Hyperkalemic periodic paralysis

Veterinary advice should be sought before applying any treatment or vaccine.

Hyperkalemic Periodic Paralysis

Impressive Syndrome

Hyperkalemic periodic paralysis (HYPP) is a muscular disorder caused by an inherited genetic mutation. It affects Quarter Horses, Paints, Appaloosas and crossbred Quarter horses. The gene responsible has been traced back to one horse named Impressive and has the alternative name, Impressive Syndrome, named after this horse. HYPP is a dominant disorder, which means both homozygous positive (HH) and heterozygous (nH) horses are affected. Only homozygous negative (nn) horses are not at risk of developing HYPP.

HYPP resembles hyperkalemic periodic paralysis in humans, and is characterized by sporadic episodes of muscle tremors and weakness, often resulting in the horse collapsing. Abnormal loud breathing noises are sometimes made by horses undergoing an HYPP episode, caused by paralysis of the upper airway muscles.

HYPP episodes are brought on by a number of factors, including being fed potassium-rich foods (bananas, alfalfa) or diet, stress, pregnancy, exposure to cold temperatures, certain medications, rest following exercise, and skipped meals. Because HYPP episodes often resemble many other conditions, horse owners often confuse them with colic, tying up, laziness, misbehaving, and sometimes neurological disorders.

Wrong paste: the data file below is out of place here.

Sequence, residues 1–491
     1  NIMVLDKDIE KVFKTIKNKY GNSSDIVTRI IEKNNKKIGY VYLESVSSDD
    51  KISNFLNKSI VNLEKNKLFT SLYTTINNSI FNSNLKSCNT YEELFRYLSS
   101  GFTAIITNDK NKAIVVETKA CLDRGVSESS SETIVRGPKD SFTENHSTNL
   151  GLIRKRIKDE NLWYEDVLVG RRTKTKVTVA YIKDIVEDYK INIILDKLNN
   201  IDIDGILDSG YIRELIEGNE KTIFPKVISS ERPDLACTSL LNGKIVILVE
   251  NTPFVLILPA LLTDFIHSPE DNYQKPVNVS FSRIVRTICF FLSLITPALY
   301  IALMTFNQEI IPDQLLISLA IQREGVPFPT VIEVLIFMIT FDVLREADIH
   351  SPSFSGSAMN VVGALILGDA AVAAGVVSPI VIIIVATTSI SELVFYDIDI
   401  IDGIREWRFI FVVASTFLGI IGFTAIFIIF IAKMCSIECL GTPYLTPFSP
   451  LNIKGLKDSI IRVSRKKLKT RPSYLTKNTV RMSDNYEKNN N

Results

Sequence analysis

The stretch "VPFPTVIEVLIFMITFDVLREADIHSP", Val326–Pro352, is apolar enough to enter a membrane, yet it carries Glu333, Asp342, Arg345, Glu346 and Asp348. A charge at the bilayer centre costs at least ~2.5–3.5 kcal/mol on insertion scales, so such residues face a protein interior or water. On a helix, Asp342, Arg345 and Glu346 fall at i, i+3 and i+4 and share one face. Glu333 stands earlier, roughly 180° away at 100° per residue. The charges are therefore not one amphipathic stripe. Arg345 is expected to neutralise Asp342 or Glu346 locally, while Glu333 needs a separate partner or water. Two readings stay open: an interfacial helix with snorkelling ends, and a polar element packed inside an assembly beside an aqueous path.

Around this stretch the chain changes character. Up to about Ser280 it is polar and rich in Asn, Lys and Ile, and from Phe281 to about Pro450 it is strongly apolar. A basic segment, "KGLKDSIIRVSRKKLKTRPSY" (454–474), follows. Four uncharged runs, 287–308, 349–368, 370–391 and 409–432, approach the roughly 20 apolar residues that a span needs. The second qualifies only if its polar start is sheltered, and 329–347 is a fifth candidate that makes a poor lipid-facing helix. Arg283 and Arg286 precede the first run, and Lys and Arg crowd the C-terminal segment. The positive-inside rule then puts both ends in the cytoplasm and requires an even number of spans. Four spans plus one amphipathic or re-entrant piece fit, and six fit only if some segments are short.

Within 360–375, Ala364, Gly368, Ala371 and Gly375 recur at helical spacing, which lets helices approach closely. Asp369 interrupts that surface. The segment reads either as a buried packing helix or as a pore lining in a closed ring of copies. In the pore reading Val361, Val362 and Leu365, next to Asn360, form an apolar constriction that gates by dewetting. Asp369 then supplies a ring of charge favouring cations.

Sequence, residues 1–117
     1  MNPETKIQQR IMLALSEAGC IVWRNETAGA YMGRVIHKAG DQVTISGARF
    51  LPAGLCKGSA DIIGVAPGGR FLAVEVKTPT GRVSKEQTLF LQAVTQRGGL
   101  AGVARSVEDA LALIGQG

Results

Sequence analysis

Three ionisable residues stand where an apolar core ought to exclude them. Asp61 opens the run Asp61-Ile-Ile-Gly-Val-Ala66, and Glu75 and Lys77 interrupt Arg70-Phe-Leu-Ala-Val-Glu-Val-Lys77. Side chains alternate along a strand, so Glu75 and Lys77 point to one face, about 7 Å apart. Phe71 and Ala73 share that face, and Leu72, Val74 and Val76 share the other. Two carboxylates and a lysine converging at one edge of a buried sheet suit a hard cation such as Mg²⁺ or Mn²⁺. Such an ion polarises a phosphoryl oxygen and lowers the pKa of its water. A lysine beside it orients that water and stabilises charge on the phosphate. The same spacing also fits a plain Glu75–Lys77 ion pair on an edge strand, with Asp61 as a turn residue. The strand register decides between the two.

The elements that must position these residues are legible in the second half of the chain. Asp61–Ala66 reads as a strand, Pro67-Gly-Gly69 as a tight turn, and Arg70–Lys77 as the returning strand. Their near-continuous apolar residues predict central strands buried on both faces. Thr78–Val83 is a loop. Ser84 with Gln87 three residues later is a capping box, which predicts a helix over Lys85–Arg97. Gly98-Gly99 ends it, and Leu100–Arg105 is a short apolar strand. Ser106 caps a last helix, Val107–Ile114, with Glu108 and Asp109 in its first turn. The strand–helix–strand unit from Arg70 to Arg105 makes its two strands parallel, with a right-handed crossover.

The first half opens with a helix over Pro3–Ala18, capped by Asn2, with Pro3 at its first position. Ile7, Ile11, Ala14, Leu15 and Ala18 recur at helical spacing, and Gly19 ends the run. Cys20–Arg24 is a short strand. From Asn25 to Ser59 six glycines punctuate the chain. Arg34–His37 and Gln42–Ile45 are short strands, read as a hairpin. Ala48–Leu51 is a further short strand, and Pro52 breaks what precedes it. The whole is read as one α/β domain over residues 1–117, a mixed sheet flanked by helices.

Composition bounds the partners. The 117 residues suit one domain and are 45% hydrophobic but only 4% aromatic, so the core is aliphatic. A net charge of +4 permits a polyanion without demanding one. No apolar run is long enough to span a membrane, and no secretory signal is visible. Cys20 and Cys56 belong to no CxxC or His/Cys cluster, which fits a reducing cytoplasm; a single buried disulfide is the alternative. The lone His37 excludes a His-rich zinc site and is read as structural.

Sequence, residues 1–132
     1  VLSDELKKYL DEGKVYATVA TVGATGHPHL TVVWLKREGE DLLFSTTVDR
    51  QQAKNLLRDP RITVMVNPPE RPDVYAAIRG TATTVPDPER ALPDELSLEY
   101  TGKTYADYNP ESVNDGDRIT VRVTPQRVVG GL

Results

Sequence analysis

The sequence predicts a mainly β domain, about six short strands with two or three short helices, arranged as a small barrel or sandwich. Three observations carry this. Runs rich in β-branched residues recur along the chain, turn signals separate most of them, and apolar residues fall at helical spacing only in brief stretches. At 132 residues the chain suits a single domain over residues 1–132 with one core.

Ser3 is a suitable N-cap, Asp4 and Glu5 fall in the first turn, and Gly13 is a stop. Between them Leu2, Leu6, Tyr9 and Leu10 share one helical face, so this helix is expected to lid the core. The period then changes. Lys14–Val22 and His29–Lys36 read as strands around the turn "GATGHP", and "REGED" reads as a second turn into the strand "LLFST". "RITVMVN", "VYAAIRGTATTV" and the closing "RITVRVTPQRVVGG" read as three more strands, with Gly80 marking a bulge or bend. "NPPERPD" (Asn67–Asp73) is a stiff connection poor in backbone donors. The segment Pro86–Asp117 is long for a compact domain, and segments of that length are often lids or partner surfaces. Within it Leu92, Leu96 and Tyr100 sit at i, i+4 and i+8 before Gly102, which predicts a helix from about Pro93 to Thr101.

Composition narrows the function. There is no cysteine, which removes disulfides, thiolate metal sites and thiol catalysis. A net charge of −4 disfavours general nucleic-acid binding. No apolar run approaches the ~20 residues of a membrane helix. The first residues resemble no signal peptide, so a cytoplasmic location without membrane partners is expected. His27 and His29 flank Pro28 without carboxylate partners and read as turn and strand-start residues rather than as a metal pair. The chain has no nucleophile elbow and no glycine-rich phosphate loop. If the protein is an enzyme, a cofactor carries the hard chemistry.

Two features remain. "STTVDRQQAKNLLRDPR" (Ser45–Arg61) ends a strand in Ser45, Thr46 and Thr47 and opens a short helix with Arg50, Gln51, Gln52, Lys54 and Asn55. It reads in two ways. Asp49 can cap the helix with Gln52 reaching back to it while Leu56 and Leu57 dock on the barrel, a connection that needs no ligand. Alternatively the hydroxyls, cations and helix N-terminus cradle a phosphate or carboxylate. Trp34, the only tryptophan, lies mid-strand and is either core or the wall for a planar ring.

Symptoms

Unpredictable paralysis attacks
Muscle twitching
Dog-sitting
Sudden death

Diagnosis

  • History
  • Clinical signs
  • Physical exam
  • Genetic testing
  • Muscle biopsy

Treatment


TreatmentDetails
Diet ManagementHorses with HYPP should be on a balanced, low-potassium diet (no more than 33g of potassium per meal).
Horses should not be fed alfalfa due to the high potassium concentration.
Acetazolamideadministered orally, in order to increase potassium excretion by the kidneys
Supportive careIV fluids

Prevention

  • Limit potassium intake in diet by NOT feeding molasses, alfalfa, kelp, bananas as treats, and electrolyte supplements.
  • Conduct periodic feed, hay and pasture analysis to assess potassium levels
  • Look for feeds with beet pulp or oat based, complete feeds
  • Perform genetic testing for HYPP in breeding horses

Prognosis

Scientific Research References

Good Overviews

Age Range

Usually becomes apparent in horses less than 4 years of age, but has occured in horses between 2 months and 15 years of age.

Risk Factors

  • A diet rich in potassium rich foods (bananas, alfalfa)
  • Stress
  • Pregnancy
  • Exposure to cold temperatures
  • Rest following exercise
  • Skipped meals

Commonly Affected Breeds

Quarter Horse iconAppaloosa iconPaint Horse icon